Much as I enjoy Anne Grace's novels, I wasn't sure that I was going to enjoy the second installment in the Merridew sisters' series, "The Perfect Waltz" mainly because I wasn't sure if the beautiful and (almost) perfect Hope Merridew would be able to sustain my interest. I worried needlessly: Hope may be the almost perfect heroine, but Anne Grace made her intelligent, compassionate and determined enough to make her an interesting heroine and one that it was easy to root for -- add this to an extremely interesting storyline and a secondary romance subplot that possessed sizzle as well, and you have a fairly memorable romance novel that is sure to win raves!
Beautiful and lively Hope Merridew's days of suffering abuse from her grandfather are long over. These days, she and her sisters are able to enjoy lives of luxury and ease thanks to the generosity and love of their granduncle, Oswald, and to the splendid and advantageous matches that her two elder sisters made ("The Perfect Rake"). No, these days all Hope has to worry about is which ball to attend and which gown to wear. That is until she meets the dark and enigmatical Sebastian Reyne. Rumour has it that he is a pushing mushroom and an illegitimate son of some sort who may have murdered his first wife -- not the sort of man a much sought after diamond should be interested in! And yet, something about Sebastian intrigues and fascinates Hope (much to her chaperone's dismay). After all this is one man who seems to be able to tell her and her twin apart! And yet, much as he seems to practically devour her with his eyes, Sebastian seems to be courting another lady. What should Hope do? Should she concentrate to meeting other, more eligible gentlemen or hold out in the hope that Sebastian will come to his senses? She knows that she and Sebastian are meant to be, but how to convince him?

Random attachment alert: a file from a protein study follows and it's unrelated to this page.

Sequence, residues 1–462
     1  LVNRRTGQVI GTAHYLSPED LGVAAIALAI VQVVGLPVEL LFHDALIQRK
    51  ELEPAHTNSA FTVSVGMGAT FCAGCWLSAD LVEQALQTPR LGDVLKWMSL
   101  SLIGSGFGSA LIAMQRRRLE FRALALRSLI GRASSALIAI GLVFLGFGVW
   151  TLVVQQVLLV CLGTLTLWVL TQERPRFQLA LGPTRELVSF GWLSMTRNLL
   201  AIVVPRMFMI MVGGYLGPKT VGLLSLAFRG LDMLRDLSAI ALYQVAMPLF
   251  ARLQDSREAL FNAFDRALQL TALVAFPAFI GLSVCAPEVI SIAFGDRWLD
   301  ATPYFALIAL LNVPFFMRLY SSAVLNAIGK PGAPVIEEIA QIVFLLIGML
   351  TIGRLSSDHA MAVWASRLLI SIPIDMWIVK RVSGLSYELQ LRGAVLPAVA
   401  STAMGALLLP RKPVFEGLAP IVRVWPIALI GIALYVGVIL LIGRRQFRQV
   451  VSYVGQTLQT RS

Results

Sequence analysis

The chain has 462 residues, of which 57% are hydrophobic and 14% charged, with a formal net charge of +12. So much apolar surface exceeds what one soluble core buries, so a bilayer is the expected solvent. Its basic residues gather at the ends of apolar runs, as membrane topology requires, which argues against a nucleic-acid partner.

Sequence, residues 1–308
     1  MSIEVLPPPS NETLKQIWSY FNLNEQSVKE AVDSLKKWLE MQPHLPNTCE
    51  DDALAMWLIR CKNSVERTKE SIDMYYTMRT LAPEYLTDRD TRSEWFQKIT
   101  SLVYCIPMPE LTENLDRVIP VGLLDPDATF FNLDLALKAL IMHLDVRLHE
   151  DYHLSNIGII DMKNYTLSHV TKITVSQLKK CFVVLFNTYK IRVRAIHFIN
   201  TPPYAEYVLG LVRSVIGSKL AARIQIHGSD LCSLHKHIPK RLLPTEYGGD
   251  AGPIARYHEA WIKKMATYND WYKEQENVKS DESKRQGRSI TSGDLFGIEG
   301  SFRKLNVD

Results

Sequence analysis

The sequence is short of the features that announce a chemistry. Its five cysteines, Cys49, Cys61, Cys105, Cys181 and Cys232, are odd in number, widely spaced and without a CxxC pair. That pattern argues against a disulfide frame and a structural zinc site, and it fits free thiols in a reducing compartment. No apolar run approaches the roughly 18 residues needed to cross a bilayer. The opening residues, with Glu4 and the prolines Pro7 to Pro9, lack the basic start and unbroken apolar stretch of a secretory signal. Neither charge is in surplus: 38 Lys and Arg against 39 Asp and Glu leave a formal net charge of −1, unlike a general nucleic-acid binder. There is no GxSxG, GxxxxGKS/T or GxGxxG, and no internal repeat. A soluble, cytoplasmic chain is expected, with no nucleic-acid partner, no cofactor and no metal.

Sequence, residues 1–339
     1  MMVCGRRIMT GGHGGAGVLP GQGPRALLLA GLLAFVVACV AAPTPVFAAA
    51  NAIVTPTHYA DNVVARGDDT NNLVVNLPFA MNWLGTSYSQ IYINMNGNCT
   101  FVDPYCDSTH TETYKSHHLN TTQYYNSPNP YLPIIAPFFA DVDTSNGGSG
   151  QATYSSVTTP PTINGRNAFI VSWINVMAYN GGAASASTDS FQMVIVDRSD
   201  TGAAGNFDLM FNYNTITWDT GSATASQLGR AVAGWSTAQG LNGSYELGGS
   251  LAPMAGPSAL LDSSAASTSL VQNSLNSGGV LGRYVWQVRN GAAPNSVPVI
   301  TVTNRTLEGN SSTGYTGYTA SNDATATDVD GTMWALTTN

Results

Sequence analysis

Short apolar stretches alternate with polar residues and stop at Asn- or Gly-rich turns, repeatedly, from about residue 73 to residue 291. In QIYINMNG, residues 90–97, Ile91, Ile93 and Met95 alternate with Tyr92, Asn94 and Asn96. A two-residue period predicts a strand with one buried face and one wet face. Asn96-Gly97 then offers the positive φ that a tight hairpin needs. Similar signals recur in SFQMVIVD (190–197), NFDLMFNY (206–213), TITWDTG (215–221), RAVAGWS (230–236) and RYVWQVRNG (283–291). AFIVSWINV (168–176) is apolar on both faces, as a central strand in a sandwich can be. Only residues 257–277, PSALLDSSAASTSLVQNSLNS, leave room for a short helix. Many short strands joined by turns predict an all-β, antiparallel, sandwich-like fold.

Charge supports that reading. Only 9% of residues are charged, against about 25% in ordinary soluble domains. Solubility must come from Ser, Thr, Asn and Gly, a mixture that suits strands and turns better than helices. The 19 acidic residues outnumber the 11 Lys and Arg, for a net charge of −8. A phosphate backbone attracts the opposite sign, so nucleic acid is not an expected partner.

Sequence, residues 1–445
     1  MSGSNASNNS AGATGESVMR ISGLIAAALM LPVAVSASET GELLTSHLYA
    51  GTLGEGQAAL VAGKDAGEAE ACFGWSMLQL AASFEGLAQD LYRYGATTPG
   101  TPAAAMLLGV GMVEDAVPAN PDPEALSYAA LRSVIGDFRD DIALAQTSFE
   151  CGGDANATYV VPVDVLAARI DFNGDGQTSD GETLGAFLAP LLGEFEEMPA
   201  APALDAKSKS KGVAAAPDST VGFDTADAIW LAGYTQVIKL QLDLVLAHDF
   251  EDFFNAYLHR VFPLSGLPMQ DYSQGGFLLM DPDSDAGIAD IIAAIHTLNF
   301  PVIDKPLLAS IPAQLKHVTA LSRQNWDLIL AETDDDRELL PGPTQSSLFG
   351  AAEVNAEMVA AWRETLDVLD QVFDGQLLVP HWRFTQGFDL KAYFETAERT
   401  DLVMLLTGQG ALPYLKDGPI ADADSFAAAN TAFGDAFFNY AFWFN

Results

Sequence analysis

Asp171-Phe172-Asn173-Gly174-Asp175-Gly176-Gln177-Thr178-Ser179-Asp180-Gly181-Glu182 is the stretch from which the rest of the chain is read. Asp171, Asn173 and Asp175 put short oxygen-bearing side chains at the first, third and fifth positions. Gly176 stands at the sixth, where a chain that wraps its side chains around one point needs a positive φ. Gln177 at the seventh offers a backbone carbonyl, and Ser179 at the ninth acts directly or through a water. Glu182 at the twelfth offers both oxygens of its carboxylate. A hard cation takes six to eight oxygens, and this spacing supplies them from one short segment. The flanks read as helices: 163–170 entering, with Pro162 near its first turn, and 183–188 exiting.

"The Perfect Waltz" could have ended up being a book all about a young woman's determination to nab the man she wants. Fortunately, it was not. By factoring in Sebastian's and his younger sisters' unhappy histories and his attempts to make things right for them, and Hope's unhappy memories of what life was like before she and her family escaped to London, Anne Gracie packs her book with enough backstories to give structure to the romance that develops between Hope and Sebastian, thus making it more believable and credible. And speaking of romance, I esp liked the one that developed between the lady that Sebastian was ostensibly courting and his best friend. It had quite a bit of sensual heat. The pacing was smooth and unfrantic and characters, well all fairly well developed -- and these two vital ingredients, along with the absorbing storyline really did contribute to making this a very enjoyable and riveting read for me. So that all in all, I'd say that that fans and romance readers are in for a treat with "The Perfect Waltz."